How We’re Planning To Weather This Market Storm
I woke up this morning to pounding rain as the outer bands of Hurricane Ian sweep across Florida. Then I flicked on Bloomberg to see the British pound get pounded as the Bank of England felt the need to intervene and buy gilts (bonds) to try to stabilize their markets.
For now, England’s issues are mostly isolated. But make no mistake, in this interconnected world, the economic storm hitting the epicenter of Europe’s financial infrastructure could very well ripple onto U.S. shores.
The Bank of England’s actions were apparently to prevent some major pension funds from blowing up.
We like to beat up on the Fed and Chairman Powell but, boy oh boy, what a mess of policy mistakes the U.K. has made in just the past few weeks. They are raising rates while simultaneously providing fiscal stimulus — which is akin to stepping on the gas and brakes simultaneously — and last night’s intervention is like throwing the gears in reverse to stop the car from hitting a tree.
Try steering away first, man.
Of course, this accident has been a decade in the making as markets were happy to speed along burning through all the free money central banks across the globe had been printing in with their ZIRP.
So, even though U.S. markets are stabilizing today, the bursting of the “everything bubble” is not over. Yes, the most speculative stuff from crypto/NFTs to SPACs and the profitless “disruptor” stocks (AKA Cathie Wood Funds) have popped. But the major stock indices and the real estate market are still vulnerable for further price compression.
Higher interest rates will cause stocks to be awarded lower valuations simply on the basic discounted cash model. The reduced access or higher cost of money will rein in the growth at any cost models many companies and their stock prices had been running on.
In the housing market, I don’t foresee a crash or anything close to what happened during the 2008 financial crisis; there simply isn’t anywhere near the type of leverage that was used to create that bubble.
But we do need to see some pullback in prices as home prices and rents have become unaffordable and therefore unattainable. The average home price is now nine times the average personal disposable income, and rents in most major cities are above 50% of average income. Thankfully home prices did show a decline in August — their first in 19 months.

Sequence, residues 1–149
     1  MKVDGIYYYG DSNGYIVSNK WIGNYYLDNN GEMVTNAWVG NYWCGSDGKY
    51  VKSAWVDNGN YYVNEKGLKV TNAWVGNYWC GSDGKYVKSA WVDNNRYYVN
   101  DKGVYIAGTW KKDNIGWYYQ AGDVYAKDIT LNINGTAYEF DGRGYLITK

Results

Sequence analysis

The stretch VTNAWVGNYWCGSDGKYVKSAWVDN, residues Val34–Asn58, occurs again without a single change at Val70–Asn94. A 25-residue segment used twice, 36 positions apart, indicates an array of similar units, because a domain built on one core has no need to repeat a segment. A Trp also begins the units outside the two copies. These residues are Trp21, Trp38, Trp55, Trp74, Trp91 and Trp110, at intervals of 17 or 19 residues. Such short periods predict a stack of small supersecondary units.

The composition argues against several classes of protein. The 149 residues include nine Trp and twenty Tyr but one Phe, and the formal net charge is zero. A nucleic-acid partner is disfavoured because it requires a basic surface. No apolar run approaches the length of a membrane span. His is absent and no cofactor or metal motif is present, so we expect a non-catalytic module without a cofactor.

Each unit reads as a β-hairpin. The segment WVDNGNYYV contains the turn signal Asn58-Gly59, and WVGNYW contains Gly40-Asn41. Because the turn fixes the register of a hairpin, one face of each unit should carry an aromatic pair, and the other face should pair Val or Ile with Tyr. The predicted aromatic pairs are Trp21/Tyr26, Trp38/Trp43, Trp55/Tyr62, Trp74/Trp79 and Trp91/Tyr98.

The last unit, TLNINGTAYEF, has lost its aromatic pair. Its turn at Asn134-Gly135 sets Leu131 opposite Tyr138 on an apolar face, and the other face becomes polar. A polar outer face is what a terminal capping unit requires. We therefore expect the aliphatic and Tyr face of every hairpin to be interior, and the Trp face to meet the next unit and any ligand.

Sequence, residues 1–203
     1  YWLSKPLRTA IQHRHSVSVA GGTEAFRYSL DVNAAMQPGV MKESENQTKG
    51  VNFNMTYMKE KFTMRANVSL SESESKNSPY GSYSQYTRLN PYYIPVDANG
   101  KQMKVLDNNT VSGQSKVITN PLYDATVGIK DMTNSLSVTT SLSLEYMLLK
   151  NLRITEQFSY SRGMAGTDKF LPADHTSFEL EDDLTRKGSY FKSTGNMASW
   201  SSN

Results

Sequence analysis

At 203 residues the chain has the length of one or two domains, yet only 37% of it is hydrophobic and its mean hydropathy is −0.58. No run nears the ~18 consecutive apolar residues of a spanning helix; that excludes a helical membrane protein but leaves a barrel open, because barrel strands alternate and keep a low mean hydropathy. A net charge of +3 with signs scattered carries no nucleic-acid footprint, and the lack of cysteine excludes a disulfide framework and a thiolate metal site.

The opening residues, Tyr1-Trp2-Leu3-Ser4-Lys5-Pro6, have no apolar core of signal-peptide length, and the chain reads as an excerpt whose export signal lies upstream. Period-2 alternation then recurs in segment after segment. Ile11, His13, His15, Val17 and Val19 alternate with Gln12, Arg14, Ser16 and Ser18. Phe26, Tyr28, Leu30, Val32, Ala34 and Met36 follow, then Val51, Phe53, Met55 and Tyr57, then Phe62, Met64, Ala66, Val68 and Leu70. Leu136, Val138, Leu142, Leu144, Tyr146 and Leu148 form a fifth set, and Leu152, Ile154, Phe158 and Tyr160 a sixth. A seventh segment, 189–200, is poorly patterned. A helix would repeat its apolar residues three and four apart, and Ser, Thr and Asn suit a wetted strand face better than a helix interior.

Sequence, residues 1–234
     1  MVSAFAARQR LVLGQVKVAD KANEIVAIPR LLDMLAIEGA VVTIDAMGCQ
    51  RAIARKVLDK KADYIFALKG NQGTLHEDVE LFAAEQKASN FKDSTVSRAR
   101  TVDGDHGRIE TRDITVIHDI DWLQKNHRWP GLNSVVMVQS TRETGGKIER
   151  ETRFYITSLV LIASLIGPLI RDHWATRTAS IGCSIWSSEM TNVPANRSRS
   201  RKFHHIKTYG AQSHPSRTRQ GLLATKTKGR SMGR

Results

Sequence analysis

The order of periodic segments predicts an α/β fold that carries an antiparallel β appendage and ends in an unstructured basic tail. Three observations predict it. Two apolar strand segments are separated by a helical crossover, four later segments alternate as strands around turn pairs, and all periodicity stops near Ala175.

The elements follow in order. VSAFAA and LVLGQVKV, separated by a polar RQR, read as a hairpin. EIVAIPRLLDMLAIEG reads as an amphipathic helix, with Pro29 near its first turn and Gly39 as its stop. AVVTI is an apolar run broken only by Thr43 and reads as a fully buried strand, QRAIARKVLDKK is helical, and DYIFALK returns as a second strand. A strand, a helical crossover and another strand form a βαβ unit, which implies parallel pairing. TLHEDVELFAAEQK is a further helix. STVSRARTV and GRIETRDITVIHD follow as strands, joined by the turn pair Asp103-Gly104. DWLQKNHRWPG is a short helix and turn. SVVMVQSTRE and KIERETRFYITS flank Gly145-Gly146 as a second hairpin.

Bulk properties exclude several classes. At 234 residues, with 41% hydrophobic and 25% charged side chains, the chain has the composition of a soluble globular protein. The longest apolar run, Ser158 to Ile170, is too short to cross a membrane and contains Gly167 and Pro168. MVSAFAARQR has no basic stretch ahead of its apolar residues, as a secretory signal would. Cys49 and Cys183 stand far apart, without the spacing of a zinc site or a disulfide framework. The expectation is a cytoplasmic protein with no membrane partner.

I’m not sure how all this will play out, but at the moment a storm is brewing and financial markets are very jumpy. Liquidity is starting to dry up global bond and currency markets, leading to price vacuums and oversized moves on whatever the latest data point is.
To go back to the hurricane analogy, the Tampa Bay basin is currently bone dry as Ian sucked up all the water (as you can see in the screenshot below). Now it’s a question of where, when, and how much will surge or be dumped back.
Personally and professionally, I’m giving both a wide berth. For Options360, that has meant a sharp reduction in both the size and number of trades we are making. Currently, we are down to just two positions.
For me, even though I’m on the opposite coast (about 150 miles from where the storm will make landfall), I’m still leaving my house. I’m on a barrier island, which is prone to flooding and I don’t feel like waking up in the middle of night with water seeping under my door if Ian is still packing a punch as it moves across the state. It’s easy enough for me to take a short drive and stay with a friend a bit south and inland.
Likewise, it’s easy enough to stay out of harm’s way regarding the market. Sure, it would be thrilling to try to ride out a hurricane or try to catch some big move or market crash, but I’m getting too old to want to try to rebuild my house (which I rent) or my portfolio.
Remember the math; if you find yourself down 50%, it will take a 100% gain just to get back to even. That’s a tough hill to climb, even for the best traders.